The worst of it is that you acted as anyone would. Better, maybe, worse, perhaps, but the reader knows the garrote of love and the lemming of its lifelines. There is no hating you without hating what they themselves commit in the name of affection and a socially acceptable relationship. Outside of that is only a sick sense of empathy and an even sicker sense of gratefulness that their personal hell is not your own.

The rest, as we say, is history, and we are doomed to repeat it."Well then," he continued, "as though with enough time and all that fearful energy and virtue you people have, everything will be settled, solved, put in its place. And when I say everything," he added, grimly, "I mean all the serious, dreadful things, like pain and death and love, in which you Americans do not believe." ( )
  Korrick | Feb 26, 2014 |
A powerful, moving story of self exploration. Two young men discover a frightening truth about their sexuality, and proceed to struggle painfully with their passion and love for one another in the face of societal judgements. An Italian and an American find themselves in a foriegn country and foriegn emotional territory. Certainly, progress has occured since the publication of this novel, but really....when will hatred and fear stop reigning supreme? ( )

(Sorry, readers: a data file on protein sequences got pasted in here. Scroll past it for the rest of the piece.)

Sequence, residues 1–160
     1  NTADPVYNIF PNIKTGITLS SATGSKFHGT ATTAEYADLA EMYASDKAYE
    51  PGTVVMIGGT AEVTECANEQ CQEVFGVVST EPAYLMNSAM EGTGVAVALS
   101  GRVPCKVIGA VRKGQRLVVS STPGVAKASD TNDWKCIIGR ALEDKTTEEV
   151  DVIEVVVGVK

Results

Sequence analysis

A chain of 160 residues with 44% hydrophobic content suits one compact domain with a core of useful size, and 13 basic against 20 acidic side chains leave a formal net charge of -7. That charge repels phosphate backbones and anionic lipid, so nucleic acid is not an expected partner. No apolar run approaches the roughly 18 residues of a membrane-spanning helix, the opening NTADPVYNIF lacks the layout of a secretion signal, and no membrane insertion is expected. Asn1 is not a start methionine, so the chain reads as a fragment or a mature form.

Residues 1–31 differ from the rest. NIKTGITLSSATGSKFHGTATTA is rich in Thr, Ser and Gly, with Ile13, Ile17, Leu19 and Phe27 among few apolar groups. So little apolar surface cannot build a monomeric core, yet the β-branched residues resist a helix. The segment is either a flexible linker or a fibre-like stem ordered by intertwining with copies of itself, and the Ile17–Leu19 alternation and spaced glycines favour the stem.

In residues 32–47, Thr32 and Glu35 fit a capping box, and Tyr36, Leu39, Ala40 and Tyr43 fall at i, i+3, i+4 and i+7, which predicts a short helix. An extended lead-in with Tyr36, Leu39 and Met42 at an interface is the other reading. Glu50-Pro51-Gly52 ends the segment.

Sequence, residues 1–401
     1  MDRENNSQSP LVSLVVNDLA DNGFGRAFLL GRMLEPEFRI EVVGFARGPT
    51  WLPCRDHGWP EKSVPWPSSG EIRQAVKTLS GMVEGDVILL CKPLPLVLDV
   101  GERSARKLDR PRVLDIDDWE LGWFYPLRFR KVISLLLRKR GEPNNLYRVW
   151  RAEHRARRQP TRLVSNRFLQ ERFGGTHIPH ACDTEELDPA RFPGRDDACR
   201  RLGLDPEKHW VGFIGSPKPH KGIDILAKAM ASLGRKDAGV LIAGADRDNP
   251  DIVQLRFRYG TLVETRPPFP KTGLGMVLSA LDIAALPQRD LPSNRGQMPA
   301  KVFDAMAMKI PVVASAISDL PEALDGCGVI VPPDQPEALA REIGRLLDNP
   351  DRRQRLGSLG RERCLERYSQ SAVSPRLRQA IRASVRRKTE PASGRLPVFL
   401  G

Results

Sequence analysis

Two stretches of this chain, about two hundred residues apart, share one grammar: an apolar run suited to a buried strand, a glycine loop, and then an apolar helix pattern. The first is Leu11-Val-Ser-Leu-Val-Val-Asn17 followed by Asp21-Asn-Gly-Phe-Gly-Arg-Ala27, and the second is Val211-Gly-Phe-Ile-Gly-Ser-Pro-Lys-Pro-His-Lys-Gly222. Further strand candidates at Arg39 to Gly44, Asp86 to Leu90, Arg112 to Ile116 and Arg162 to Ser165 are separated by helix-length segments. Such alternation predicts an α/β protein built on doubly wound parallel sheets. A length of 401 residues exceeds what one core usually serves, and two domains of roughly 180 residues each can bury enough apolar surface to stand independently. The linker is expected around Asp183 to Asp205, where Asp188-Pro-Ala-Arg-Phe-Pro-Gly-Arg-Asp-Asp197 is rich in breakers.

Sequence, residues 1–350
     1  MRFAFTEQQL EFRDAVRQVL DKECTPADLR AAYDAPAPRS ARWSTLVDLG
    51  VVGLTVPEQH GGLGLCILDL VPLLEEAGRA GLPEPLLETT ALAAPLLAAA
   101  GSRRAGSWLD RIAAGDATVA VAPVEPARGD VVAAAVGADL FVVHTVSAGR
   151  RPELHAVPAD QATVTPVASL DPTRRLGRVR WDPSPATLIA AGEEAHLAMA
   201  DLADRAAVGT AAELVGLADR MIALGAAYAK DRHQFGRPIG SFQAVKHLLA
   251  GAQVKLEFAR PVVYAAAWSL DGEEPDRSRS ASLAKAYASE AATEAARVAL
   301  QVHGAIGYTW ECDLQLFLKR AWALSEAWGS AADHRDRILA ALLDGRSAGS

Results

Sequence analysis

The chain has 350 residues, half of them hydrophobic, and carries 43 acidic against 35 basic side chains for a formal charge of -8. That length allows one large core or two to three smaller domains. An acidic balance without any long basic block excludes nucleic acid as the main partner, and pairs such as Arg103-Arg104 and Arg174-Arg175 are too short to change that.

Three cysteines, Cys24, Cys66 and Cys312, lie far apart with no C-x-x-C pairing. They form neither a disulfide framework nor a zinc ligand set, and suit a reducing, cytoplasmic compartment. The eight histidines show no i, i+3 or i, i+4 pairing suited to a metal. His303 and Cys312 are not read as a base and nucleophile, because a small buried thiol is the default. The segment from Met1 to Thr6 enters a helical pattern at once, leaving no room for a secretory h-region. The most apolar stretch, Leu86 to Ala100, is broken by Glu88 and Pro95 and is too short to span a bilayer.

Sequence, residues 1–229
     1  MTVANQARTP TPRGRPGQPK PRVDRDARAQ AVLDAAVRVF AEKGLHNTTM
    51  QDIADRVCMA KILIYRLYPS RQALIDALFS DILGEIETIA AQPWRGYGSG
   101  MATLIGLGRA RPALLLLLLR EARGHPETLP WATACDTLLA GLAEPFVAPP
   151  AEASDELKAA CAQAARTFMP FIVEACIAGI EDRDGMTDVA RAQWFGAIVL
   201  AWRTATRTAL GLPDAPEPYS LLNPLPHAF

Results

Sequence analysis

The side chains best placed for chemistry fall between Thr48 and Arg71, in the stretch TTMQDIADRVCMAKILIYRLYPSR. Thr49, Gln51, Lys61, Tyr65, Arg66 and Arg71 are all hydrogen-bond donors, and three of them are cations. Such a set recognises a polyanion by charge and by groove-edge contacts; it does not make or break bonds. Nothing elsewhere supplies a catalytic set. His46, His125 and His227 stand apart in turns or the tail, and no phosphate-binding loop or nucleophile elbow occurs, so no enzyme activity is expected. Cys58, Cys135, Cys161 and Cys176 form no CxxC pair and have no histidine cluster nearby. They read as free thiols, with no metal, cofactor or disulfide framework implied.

hemlokgang | Jan 7, 2014 |
Gay male poetry is about energy, adventure, quest, danger, beauty and pleasure amidst secrecy, shame, and pain. Whilst Giovanni's Room is prose, lovely prose, it is about most of those things and brought to mind this twenty-year-old quotation from Camille Paglia*.

The exquisite and horribly tragic story of a gay relationship in, and written in, the 1950s, of course it is catalysed by the difficulties involved in homosexuality then - not least the fear and self-loathing of narrator David's internalised homophobia.

Definitions are rarely used; declared gradations of gay or bi here look like the products of our much more tolerant world, and a different, ambiguous frame of reference seems to apply to the main characters' relationships with women alongside men, just as with Dirk Bogarde's character in the film Victim (1961). Living within a different paradigm, how can I interpret what was love and what was resigned compliance or in between or anything else - or who would have been together in a liberated era?